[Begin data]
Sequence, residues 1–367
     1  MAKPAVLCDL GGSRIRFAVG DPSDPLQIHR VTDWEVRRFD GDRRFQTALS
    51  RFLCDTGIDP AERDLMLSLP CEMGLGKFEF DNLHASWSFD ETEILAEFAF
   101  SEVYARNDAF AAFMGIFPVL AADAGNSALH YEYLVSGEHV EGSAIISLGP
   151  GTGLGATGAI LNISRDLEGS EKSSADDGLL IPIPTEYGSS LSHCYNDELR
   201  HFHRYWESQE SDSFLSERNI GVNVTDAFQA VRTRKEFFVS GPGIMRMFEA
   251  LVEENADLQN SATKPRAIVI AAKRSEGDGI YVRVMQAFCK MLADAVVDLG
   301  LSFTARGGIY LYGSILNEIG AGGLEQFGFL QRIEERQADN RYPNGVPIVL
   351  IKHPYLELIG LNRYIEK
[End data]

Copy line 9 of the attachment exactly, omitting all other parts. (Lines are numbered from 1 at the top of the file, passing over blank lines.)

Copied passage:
   351  IKHPYLELIG LNRYIEK